Emailed comments on the draft “Connections 2040 MTP” long-range transportation plan update mentioned frequently here at BB in recent weeks are due by 5:00 PM today, Thursday, February 6th. Here’s that email address.
For those interested, and there might not be very many, below are the comments passed along by your humble blogger earlier this morning. One of those “I’ve suffered for my verbosity, not it’s your turn” things. If the tome below is deemed very much TL:DR, the hyper-short version is: This thing needs work. Lots of it.
- There were a record 103 traffic fatalities in Bernalillo County last year up from around 60 or 70 as recently as 2012. This fatality rate growth is much higher than has been our growth in vehicle miles traveled or our population during this time period.
- The Target Scenario, Chapter 3, is core to this entire update, yet that Target Scenario doesn’t include safety/reducing traffic deaths/injuries as a regional challenge or guiding principle. This is an oversight that definitely needs to be corrected.
- Aside from Chapter 5 on Active Transportation, little to no mention of how dangerous our roadways are can be found anywhere else in the draft. Cases of traffic death/injury are happening to all roadways users, drivers included, in record numbers, not just those cycling, walking, or taking the bus, the modes of travel emphasized in Chapter 5.
- Chapter 4 on Optimized Mobility essentially defines “optimal” solely as getting from Point A to Point B as fast as possible with optimally minimal congestion. Getting to Point B alive or uninjured is evidently not considered an aspect of “Optimized Mobility.” This would be humorous if the issue were not so serious.
- It is worth noting that Albuquerque ranks as 44th most congested city in the United States, with commute times lower than other cities, even those of similar size such as Tucson.
- So, to sum these first few points up, the draft currently reads very much like separate documents written by at least two separate groups of folks with differing agendas and foci. The focus on safety and traffic fatalities/injuries in Chapter 5 needs to be a focus throughout the plan, very much including the Target Scenario. The pronounced focus on congestion throughout the rest of the draft is unwarranted to its current extent. All of us hate to be stuck in traffic, but we are currently stuck with a roadway system leading to record numbers of dying/injured roadway users, not record levels of congestion. Finalizing a long-range plan than relatively ignores this fact may very well be another factor in extending this unfortunate reality.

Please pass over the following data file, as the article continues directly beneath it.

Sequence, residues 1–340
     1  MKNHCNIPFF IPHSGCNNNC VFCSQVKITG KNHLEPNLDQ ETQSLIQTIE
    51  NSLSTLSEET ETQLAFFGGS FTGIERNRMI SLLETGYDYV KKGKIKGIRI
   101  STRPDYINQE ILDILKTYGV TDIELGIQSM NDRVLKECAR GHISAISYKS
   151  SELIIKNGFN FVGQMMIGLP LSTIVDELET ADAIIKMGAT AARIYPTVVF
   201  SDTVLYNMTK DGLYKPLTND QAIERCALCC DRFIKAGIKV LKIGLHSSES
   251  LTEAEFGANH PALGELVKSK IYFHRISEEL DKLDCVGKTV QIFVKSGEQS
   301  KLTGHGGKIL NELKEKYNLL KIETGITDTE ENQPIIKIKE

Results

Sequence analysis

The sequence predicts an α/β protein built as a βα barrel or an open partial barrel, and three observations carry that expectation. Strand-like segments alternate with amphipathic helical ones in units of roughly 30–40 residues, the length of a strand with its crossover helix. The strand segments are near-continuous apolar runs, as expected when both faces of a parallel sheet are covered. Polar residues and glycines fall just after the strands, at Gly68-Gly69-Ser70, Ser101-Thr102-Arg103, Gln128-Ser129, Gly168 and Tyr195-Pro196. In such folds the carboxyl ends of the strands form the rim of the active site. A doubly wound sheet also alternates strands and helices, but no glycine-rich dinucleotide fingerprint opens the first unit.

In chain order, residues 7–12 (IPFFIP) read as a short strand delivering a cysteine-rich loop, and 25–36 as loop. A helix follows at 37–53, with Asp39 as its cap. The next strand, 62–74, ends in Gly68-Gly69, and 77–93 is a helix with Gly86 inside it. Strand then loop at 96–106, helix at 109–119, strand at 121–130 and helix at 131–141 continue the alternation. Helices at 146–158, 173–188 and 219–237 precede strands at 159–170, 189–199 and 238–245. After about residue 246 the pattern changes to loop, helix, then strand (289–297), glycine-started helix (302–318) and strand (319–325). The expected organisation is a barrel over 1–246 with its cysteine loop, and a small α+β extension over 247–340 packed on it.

- Finally, as a draft, many sections are understandably still incomplete, including specific performance measures and quantified goals to be crafted after these public meetings. Unfortunately, I don’t think there will be any chance for public feedback on those to-be-determined crucial measures/goals, and it’s hard to fully assist in this process without seeing those measures and goals. I understand that there is a bit of a time-crunch to meet a June 2020 federal deadline. This is quite unfortunate, and we need to realign future draft processes to better meet deadlines while providing sufficient time for public comment and involvement in development of specific performance measures and goals.
The following table of sidewalk segments and maps represents the highest scored sidewalk segments resulting from the use of the GIS-based pedestrian demand model developed for this Plan. Segments are limited to major roadways in the region. Other pedestrian-need locations have been included as high-need segments at the request of PAG member jurisdictions. The following tables are not an exhaustive list of all segments lacking accessible sidewalks, rather they represent only the top scoring segments in each of the region’s jurisdictions. Sidewalk status and accessibility data come from the 2012 ADA Sidewalk Inventory, which is current as of October 2011.
The data are presented at the segment level, not at spot locations; therefore if any spot location (such as a single curb ramp) along a segment is not accessible, the entire segment will be treated as inaccessible for this Plan’s purpose. These tables of identified needs are the result of an effort to provide a regionally-standardized method for proactively identifying needed pedestrian improvements. They are to serve as guidance and support to PAG member agencies in developing their own plans, Capital Improvement Programs, and as they submit for regional funding for pedestrian improvements. Tables and supporting maps are presented for each of the region’s jurisdictions. These do not represent a list of projects. The table also does not consider additional improvements, such as street furniture, shade, traffic calming, safety projects, or other elements that contribute to making public rights-of-way safe and enjoyable for all users. This Plan encourages incorporating those pedestrian safety and comfort concepts presented in the toolkit into individual pedestrian and roadway projects where appropriate.
- Identifying needs in each jurisdiction throughout our MPO;
- Prioritizing those needs;
- Including results of this process in our long-range plan update; and,
- Using those results to guide decision-makers throughout our MPO in funding desperately needed, highest-priority improvements.